Amazon Prime air pilots protest working conditions

Last week, a billboard truck rolled by Amazon’s corporate HQ in Seattle. Its rotating messages read: “No Amazon Prime Air Without Pilots,” “Don’t Ground Prime Air” and “Prime(d) for Disaster.”

The protest isn’t inspired by Amazon directly, but by the company’s Prime Air partners, Atlas Air Worldwide Holdings and Air Transport Services Group, Inc. Per Geekwire, Teamsters Local 1224 pilots hope to draw attention to what they say are poor working conditions and low compensation at these carriers, and to provoke Amazon to exert pressure on their partners to improve.

“We want Prime Air to succeed, and that’s why it’s our responsibility to expose the ticking time bomb behind the marketing hype and let customers and investors know what’s really going on” said Capt. Michael Griffith, a Prime Air pilot, in a statement. “Our airlines are hemorrhaging pilots at a record rate, and with customers counting on us to deliver, Amazon can’t afford to ignore the substandard pay and conditions that continue to undermine our operations. The busiest time of the year is fast approaching, and Amazon should urge our airlines to work with pilots to address the staffing crisis and get Prime Air on track.”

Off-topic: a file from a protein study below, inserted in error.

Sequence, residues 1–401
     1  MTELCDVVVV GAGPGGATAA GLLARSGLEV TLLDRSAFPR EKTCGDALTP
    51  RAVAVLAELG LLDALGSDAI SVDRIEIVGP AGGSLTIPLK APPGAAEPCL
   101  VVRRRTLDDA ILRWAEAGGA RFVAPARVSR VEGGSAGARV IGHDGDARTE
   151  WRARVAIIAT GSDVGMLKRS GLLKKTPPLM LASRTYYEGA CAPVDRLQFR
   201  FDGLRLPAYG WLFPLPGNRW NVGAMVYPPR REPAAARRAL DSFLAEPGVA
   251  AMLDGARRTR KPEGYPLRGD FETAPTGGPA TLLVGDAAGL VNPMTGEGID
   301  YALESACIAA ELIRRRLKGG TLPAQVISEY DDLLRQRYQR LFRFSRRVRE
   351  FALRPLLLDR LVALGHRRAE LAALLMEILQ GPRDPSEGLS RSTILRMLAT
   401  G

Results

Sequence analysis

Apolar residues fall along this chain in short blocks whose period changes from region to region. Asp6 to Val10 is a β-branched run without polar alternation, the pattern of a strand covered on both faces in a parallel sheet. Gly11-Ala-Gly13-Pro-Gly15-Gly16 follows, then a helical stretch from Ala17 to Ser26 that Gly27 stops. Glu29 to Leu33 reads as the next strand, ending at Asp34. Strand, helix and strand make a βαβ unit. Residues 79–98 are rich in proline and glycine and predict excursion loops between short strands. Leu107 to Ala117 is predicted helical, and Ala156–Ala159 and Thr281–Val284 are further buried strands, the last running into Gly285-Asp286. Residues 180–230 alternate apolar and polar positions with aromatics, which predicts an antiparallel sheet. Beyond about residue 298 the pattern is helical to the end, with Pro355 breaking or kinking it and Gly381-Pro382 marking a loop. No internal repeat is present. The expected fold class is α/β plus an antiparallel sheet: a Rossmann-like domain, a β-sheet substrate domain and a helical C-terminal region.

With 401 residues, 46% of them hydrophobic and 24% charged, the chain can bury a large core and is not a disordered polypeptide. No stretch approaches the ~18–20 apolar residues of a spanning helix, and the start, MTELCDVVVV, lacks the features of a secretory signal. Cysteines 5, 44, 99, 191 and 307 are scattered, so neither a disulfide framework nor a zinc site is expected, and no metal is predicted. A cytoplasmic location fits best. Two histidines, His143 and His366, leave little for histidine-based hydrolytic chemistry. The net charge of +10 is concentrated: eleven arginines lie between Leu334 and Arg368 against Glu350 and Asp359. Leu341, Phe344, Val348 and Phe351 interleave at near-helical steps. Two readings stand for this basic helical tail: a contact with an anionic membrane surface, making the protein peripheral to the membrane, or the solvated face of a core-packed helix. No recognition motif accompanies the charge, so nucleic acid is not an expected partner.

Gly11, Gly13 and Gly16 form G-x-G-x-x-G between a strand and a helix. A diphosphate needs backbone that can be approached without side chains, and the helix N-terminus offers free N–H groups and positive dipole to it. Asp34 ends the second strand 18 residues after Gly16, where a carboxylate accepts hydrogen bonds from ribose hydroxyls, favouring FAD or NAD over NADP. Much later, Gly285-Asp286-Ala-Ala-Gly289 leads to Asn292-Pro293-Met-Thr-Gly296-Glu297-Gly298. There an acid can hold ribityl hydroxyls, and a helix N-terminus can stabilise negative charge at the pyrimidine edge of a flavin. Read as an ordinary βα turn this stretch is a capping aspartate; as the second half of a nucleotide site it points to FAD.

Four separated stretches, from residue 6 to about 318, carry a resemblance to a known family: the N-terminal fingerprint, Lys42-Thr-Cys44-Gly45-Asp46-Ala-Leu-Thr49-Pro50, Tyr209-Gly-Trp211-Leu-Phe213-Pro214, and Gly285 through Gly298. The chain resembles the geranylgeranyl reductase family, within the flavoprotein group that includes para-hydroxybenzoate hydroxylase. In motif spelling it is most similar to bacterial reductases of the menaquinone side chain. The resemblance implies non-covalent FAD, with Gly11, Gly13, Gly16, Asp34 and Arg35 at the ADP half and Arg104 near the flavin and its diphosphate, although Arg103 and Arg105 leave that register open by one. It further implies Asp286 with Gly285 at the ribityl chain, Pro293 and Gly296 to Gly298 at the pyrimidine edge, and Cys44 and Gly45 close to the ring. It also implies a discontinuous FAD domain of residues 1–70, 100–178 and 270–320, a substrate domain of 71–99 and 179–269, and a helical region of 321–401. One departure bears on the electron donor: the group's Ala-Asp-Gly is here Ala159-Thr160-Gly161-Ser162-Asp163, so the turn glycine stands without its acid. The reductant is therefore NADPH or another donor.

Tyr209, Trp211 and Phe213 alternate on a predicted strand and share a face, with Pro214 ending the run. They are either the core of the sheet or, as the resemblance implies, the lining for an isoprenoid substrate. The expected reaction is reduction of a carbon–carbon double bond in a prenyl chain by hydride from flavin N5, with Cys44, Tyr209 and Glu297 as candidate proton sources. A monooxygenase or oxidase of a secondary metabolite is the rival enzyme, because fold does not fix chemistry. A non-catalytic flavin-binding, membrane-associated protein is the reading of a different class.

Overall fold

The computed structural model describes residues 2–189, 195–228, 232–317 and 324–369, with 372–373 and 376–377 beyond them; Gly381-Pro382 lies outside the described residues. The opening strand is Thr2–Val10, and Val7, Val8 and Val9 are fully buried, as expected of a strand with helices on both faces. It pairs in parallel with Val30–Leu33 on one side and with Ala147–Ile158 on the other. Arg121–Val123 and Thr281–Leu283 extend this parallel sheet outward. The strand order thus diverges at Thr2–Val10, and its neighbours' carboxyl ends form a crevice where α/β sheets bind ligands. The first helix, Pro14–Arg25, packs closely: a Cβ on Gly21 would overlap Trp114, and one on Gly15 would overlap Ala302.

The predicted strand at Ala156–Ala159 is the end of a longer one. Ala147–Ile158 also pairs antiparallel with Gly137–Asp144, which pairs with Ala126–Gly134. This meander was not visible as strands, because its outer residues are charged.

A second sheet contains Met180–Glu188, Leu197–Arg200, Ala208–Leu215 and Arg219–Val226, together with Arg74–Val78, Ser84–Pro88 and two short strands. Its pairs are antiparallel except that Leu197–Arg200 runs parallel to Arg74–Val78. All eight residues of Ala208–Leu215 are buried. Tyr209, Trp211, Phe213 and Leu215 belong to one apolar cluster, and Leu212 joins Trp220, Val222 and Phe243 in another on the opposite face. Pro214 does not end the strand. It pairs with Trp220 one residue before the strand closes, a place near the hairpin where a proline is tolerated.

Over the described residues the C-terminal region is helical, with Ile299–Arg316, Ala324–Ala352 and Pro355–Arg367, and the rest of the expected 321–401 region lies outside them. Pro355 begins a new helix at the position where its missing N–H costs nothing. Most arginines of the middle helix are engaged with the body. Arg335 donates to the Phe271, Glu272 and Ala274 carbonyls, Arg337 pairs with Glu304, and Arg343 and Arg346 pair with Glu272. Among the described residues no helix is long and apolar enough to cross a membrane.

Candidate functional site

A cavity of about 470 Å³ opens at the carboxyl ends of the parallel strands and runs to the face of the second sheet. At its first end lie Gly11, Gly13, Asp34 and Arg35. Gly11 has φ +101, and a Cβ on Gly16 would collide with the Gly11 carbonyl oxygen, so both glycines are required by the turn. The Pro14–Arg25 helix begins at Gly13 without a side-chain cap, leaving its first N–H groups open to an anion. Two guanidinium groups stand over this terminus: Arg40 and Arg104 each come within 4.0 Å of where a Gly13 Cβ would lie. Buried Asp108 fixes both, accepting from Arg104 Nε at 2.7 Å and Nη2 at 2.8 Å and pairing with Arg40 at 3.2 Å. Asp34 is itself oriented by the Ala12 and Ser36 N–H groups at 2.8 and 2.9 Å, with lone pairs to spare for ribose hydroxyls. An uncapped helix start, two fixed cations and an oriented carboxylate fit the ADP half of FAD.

RELATED: Check out the most shocking facts about Amazon:

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7.5 percent of Seattle's working-age population are Amazon employees

Amazon has more than 300,000 employees worldwide, and 40,000 in Seattle alone.

As a portion of the city's working-age population — roughly 528,000 — that comes out to 7.5% of the city working at Amazon.

For perspective, if the same portion of New York City's adults worked for one company, that company would have about 488,000 locals on staff.

Amazon accounts for 43% of all online sales

Amazon used to be a way to buy books online; today, it's the default buying site for just about everything, especially for people who have Amazon Prime.

An analysis by Slice Intelligence released in February found that 43% of all US online retail sales were done through Amazon in 2016.

That's up from 33% in 2015 and 25% in 2012.

1 out of every 4 US adults has Amazon Prime.

Speaking of Amazon Prime, the company now counts approximately 63 million people among its subscriber base, or about 25% of the total US adult population.

That number may underestimate the true coverage, however, since it doesn't account for multiple adults in one household all sharing the same Prime account.

Amazon ships 1.6 million packages a day

Amazon fulfillment is a beast of its own.

A report from 2013 (the latest year for which data are available) found Amazon shipped 608 million packages that year, or 1.6 million packages a day.

As of 2015, Amazon estimated its fulfillment centers were within 20 miles of 31% of the US population, and within 20 miles of 50-65% of its core, same-day-accessible market.

That's enough cardboard to span all of West Virginia

A back-of-the-envelope calculation reveals all those packages (not including padded envelopes) yield roughly 26,400 square miles of cardboard.